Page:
Wargaming Tradecraft: July 2011

Creating an Artistic Army - The Creative Process

via, artist unknown
This series began with an introduction and important questions.

Once you have these questions figured out, you can begin the actual creativity. As I said, these steps can occur in any order, as inspiration hits us all at different moments. The important thing is that you're thinking about these things, and recognizing how one affects the other.

Creating and Artistic Army - Intro and Important Questions

"What do you mean?" you may ask, "My army is already artistic. I spend hours painting my squads." Yes, well, many of us do spend quite a bit of time painting our armies. What I'm going to look at over the next while is taking army building to a new level. I'm not just talking about Object Oriented Hobbying, but the whole creative process of figuring out what you'd like to create.

The twist is I'm not just going to talk about all this, I'm going to be building a new army and break my thought process down as I go, similar to my Postapocalyptibuggy WIP series.

There are multiple things I hope people will take away from this series...

Blogger rescheduling posts

Just a note, incase nobody else has noticed...

I've found that Blogger has been rescheduling my posts and causing me to miss things. That's rather irritating as someone who schedules ALL my posts. Usually they've been pushed 4 or 5 days ahead. Bah I say!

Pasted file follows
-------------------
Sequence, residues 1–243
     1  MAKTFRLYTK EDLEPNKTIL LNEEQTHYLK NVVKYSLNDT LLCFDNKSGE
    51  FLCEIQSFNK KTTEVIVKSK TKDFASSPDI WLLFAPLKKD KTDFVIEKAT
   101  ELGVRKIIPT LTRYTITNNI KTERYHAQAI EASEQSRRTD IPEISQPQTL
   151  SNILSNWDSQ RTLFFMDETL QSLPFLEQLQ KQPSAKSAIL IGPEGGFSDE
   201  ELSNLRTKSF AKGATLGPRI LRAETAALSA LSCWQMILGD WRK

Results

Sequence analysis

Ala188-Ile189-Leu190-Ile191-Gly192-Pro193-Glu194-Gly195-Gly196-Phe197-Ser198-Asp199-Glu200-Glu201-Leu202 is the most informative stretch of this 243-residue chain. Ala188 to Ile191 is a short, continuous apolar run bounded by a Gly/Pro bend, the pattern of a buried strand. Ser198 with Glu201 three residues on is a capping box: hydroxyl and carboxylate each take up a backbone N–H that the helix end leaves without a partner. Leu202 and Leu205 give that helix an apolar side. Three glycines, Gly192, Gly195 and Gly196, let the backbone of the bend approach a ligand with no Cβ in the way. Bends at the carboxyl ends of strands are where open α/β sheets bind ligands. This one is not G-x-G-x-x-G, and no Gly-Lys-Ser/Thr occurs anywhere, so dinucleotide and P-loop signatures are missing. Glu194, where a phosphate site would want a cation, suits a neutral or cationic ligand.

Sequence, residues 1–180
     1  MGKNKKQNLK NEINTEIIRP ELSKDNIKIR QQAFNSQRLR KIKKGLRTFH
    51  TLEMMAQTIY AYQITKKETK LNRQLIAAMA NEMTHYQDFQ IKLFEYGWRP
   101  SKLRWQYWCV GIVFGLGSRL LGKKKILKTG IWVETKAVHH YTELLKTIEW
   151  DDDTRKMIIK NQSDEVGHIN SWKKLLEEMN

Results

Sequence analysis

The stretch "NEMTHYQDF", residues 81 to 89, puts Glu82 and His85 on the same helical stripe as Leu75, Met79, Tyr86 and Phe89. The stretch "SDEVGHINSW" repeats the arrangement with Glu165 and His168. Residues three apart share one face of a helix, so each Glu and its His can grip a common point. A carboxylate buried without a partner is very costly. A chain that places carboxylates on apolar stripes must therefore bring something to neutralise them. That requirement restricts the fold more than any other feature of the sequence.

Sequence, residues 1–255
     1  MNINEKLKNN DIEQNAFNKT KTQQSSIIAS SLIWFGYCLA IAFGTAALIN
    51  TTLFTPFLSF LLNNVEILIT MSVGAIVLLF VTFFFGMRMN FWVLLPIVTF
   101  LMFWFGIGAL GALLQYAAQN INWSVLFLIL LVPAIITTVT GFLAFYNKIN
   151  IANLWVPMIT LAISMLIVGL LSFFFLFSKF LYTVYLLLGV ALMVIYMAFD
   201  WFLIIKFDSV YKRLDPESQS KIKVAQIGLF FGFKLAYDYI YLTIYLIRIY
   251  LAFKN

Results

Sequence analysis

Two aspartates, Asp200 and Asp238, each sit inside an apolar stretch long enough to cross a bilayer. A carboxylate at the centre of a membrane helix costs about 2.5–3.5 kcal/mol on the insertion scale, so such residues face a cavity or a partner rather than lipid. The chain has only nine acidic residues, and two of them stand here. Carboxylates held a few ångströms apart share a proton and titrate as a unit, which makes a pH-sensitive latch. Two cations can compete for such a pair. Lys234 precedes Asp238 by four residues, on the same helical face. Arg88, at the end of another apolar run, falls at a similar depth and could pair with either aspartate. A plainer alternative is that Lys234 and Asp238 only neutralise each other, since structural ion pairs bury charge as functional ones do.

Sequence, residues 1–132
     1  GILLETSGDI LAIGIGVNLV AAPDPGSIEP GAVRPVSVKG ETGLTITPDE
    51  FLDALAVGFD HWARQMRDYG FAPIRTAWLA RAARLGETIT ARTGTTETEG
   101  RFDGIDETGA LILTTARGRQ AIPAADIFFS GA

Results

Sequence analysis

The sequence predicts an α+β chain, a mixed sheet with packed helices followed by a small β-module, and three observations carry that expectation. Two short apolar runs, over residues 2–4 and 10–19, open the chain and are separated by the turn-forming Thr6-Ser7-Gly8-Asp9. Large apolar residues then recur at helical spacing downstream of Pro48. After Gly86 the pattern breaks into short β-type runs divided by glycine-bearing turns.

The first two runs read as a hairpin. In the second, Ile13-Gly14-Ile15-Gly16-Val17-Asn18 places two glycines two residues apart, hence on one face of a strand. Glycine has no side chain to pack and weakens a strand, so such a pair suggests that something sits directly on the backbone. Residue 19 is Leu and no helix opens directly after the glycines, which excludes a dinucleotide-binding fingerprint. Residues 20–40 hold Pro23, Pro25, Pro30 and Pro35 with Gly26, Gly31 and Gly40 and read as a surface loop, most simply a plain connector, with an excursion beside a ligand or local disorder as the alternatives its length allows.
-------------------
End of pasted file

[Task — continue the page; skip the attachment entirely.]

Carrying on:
Weekly Update

Last Week at Wargaming Tradecraft

To just about wrap up airbrushing, I discussed Types of Thinners and Masking / Stencilling.

Last Week in the Community

Masking and Stenciling

a stencil, via
These are two different techniques that fall under the same category...

"Masking" means you’re covering areas to make sure overspray doesn’t accidently paint over parts of your surface.

"Stencilling" means you have a pattern or design cut into something. When you spray paint through this hole, the pattern is transferred to the surface.

[UPDATED] Displaying Your eMail Safely

This is just a followup to a previous blog-fu article.

In the past, I talked about Displaying Your eMail Safely using Java Script in an HTML widget to defeat spambots. Well, I wanted to let you know that in the months since, I haven't gotten spam - so it seems to work.

Those that are interested in adopting this for their own site can visit the above link.

Types of Thinners

When making your acrylics (normal water based GW, P3, etc paints) thin enough to airbrush, you'll have to add something to the paint. By default, most of us will just add water until it's thin enough to spray without clogging and thick enough to not be a wash and to still have some colour. Instead of water, there are other mediums you can use - each has benefits and downsides.